14 June 2020
DOST Scholars pitched in to provide food packs to vulnerable communities around the country.
When the country imposed the nationwide community quarantine amid the spread of the Coronavirus disease (COVID-19), worry and uncertainty clouded the minds of many, especially the poor, who are unprepared of the sudden restrictions in movement and economic activity. Despite this, Scholars of the Department of Science and Technology - Science Education Institute (DOST-SEI) were among the first to organize themselves to do volunteer work in their localities.
DOST officials are amazed with the various initiatives done by its scholars - both ongoing and scholar-graduates.
“It is very inspiring to know that our DOST Scholars are doing their own part to help the nation recover from the current crisis,” said DOST Secretary Fortunato de la Peña who regularly reports of the agency’s efforts in his official social media page.
As of June 5, there are 1,081 ongoing and former science scholars who volunteered in relief operations; data encoding and validation; 3D printing of frames for face shields and production of other personal protective equipment (PPE) for frontliners; and production of alcohol. Some even helped in their community safety assistance program by monitoring persons entering and leaving their barangay.
DOST-SEI Director, Dr. Josette Biyo, said that while they are in awe of these initiatives, she credits the Institute’s scholars’ formation program called “The Filipino Patriot Scholars Project” in further awakening patriotism and servant leadership traits among scholars.
“Since 2017, we wanted to inculcate the core values such as professional excellence, social responsibility, servant leadership and volunteerism among our scholars aside from them pursuing academic excellence. We know that those values don’t fully blossom in a matter of days or weeks, but the Patriot Project allowed them to find deeper meaning to the brand of being DOST Scholars,” Biyo said.
The number of scholar-volunteers kept rising from an initial 500 in April to more than a thousand as of date. Biyo furthered that there are still scholar-volunteers whose contributions were undocumented.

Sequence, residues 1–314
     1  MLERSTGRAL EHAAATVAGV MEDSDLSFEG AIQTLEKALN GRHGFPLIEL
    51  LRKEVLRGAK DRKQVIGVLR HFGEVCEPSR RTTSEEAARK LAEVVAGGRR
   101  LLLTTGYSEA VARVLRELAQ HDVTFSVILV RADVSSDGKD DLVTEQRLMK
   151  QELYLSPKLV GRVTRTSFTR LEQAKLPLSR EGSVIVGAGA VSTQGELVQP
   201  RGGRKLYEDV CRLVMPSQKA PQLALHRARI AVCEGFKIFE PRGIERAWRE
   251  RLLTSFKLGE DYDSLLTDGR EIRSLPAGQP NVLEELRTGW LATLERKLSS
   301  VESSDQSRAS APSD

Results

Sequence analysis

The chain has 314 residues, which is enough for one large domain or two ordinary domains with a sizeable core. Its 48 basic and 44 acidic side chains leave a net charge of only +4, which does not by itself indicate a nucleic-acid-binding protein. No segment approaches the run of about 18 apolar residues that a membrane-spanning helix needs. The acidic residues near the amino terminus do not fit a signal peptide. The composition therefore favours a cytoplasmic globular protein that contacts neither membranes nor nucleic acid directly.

“The documented efforts may represent only some of the initiatives from DOST Scholars but the impact cannot be overstated,” she said.
Among the documented efforts, Biyo said some notable modes of assistance include data validation for the distribution of Social Amelioration Program, development of online tracking mechanism for persons under investigation and monitoring (PUIs and PUMs), and strategic campaign to provide baby-friendly relief via a movement called #FeedPHBabies. A number of scholars and alumni also pooled resources to buy food packs, groceries, and other essentials for the vulnerable in their localities. Scholars also helped in information dissemination by creating infographics and publication of relevant information materials while others enlisted as volunteers for the Molecular Biolab to be established in assistance to COVID-19 testing.
The Feasibility Analysis of Syndromic Surveillance using Spatio-Temporal Epidomiological Modeler (FASSSTER), which was developed by a team lead by a research team from Ateneo de Manila University (ADMU), with funding support from the Philippine Council for Health Research and Development (PCHRD) of DOST, allows forecasting of possible cases in a given area at a specified period of time. It is used for creating predictive models and visualizing possible scenarios of outbreaks of dengue, typhoid fever and measles at specified time periods. Under this project, 45 DOST Scholar volunteers are deployed at the Department of Health (DOH) regional offices nationwide and work as data encoders and analysts. Data gathered from this model will support the decision-making of DOH, local government units and healthcare facilities in terms of resource planning and other measures to mitigate the spread of the virus.
Biyo mentioned that Shana Genavia, a DOST Scholar, was also part of the DNA Sequencing Core Facility that helped validate the COVID-19 Detection Kit developed by the University of the Philippines - National Institutes of Health (UP NIH). MD-PhD scholar-graduates of UP Philippine General Hospital also underwent training at the UP National Institute of Molecular Biology and Biotechnology (UP-NIMBB) for deployment at the Department of Health (DOH) Testing Centers.
She also cited that some DOST Balik Scientists and graduate scholars from University of San Agustin in Iloilo are doing epidemiological modelling of COVID-19 for the Province of Iloilo, Guimaras, and Panay. The results of which are given to the City Mayor and Governors in aid of policy making.
“Even in Marawi, we saw great volunteer efforts from those who benefitted from our Bangon Marawi Scholarship Program. These scholar-graduates who named themselves Team Batis distributed food packs in Marawi City and Balo-i in Lanao del Norte, and Saguiaran, Marantao, Maguing, and Tugaya in Lanao del Sur,” Biyo said.
As the community quarantine was relaxed in several parts of the country, DOST-SEI is positive that the initiatives from its scholars will remain.
“Indeed, there’s no amount of volunteer work that is too small nor big enough. The fact that reaching out to others while being under the same threat of exposure to the deadly virus is noble for our young scholars. We’re so proud of them,” Biyo disclosed. (30)
A DOST Scholar helps out in formulating alcohol and hand sanitizers for distribution in communities in Cagayan de Oro City.
A DOST scholar-volunteer made use of university facilities to personal protective equipment for distribution to public hospitals in Bohol.